|A meeting is not a personal performance, but
the result of a collective processing of individual experiences in order to formulate
effective solutions for items on the agenda. Therefore it is necessary that all
participants have a reasonable knowledge of items for discussion and are capable of
analysis on the basis of the information supplied by the organiser of the meeting.
Council meeting in Tartu
The organiser should provide documents in
advance to allow pre-meeting reading and should communicate possible solutions to the
issues to be discussed and see that all participants are able to submit their views and
agree a solution. He/She should also ascertain that planned participants are those
necessary for that meeting and try to agree a time which is convenient for all to allow
the necessary discussion.
The chairman/chairwoman should:
- at the start of the meeting, explain the agenda and if
necessary stimulate the discussion and integrate the information already provided
- in the case of periodic meetings, should also see that
actions from previous meeting have all been acted upon and record any relevant changes
- keep the discussion to the core of the problem, by
summarizing relevant points already expressed
- remind participants of legislation and institution procedures
- answer any questions
In other words, the chair of the meeting should assist the
group in its search of a solution, assist expression of his/her views and comparison of
these views, and "sell" these to the group.
The chairman/chairwoman is not strictly an expert of the
issues in discussion, but an effective and assistant leader, capable of managing the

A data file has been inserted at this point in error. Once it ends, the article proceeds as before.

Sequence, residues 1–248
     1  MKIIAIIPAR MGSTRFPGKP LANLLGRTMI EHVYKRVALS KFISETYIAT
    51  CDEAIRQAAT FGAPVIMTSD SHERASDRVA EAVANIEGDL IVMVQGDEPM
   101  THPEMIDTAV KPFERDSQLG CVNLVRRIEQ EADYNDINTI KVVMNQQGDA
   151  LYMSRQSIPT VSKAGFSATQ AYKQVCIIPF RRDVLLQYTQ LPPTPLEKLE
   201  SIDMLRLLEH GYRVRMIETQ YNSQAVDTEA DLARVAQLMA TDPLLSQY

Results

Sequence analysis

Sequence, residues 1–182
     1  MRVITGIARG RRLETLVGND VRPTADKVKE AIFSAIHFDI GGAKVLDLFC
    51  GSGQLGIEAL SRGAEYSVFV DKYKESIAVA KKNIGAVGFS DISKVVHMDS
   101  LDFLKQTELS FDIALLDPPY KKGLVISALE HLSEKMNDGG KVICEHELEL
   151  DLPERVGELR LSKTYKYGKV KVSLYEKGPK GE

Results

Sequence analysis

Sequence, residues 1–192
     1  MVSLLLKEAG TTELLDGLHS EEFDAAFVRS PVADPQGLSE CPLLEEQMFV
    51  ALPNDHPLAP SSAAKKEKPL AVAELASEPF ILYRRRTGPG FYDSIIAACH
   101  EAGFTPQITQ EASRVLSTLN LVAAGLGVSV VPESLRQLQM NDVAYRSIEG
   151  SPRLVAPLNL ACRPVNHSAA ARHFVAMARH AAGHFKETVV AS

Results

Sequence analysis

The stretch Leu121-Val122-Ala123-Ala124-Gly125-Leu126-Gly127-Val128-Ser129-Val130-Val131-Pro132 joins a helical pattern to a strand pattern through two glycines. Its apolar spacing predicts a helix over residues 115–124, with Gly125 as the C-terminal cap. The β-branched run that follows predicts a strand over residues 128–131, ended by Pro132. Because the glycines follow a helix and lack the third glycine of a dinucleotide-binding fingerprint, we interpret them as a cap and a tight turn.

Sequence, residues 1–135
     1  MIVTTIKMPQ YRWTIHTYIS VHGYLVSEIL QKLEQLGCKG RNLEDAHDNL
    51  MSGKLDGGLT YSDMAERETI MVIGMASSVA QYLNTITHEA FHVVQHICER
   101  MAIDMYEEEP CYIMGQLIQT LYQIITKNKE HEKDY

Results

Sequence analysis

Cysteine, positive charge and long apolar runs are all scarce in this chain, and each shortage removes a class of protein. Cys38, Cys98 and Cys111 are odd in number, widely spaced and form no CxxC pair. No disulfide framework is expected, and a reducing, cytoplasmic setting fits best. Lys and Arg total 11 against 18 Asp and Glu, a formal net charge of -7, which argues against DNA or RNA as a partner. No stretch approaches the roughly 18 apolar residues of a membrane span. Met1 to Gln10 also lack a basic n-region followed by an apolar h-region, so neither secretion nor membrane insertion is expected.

situation, whose main tasks are giving voice to each opinion and maintaining a calm
atmosphere, even if the opinions are clearly different. He/she should not maintain an
authoritarian attitude, nor express his/her favour to one opinion: his/her interventions
should be mainly concerned with clarification and summary.
To hold an effective meeting the leader could rely on a
checklist such as:
- Are the objectives clear?
- Have the documents been distributed? Do they require an
- Is he/she familiar with every issue?
- Has the opening address been prepared?
- Is the meeting agenda well defined?
- Will the time available enable all participants to express
- Is the meeting room comfortable and equipped with the
- Is it clear which points of the discussion require a summary
and an immediate agreement for the written minutes?
Participants at a good meeting should leave it with the
feeling that they have learnt something and the conclusions reached are clear.
This is why minutes at the time of the meeting are
recommended. Minutes would record actions, deadlines and responsibilities agreed, and any
divergent opinion if expressly required by a participant.
Back to ToC EAHIL Newsletter Nr. 48 Aug 1999